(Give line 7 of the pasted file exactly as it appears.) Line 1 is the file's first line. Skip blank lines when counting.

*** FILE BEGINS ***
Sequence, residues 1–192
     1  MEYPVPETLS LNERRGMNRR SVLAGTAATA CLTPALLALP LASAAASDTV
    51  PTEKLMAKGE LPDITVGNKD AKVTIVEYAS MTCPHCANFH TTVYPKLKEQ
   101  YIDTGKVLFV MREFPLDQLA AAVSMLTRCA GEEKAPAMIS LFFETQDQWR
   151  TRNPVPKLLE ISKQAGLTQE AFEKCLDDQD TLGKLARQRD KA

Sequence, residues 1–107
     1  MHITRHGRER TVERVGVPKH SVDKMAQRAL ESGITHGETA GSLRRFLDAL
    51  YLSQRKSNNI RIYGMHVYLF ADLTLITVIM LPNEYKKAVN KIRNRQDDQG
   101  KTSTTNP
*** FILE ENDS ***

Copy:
     1  MHITRHGRER TVERVGVPKH SVDKMAQRAL ESGITHGETA GSLRRFLDAL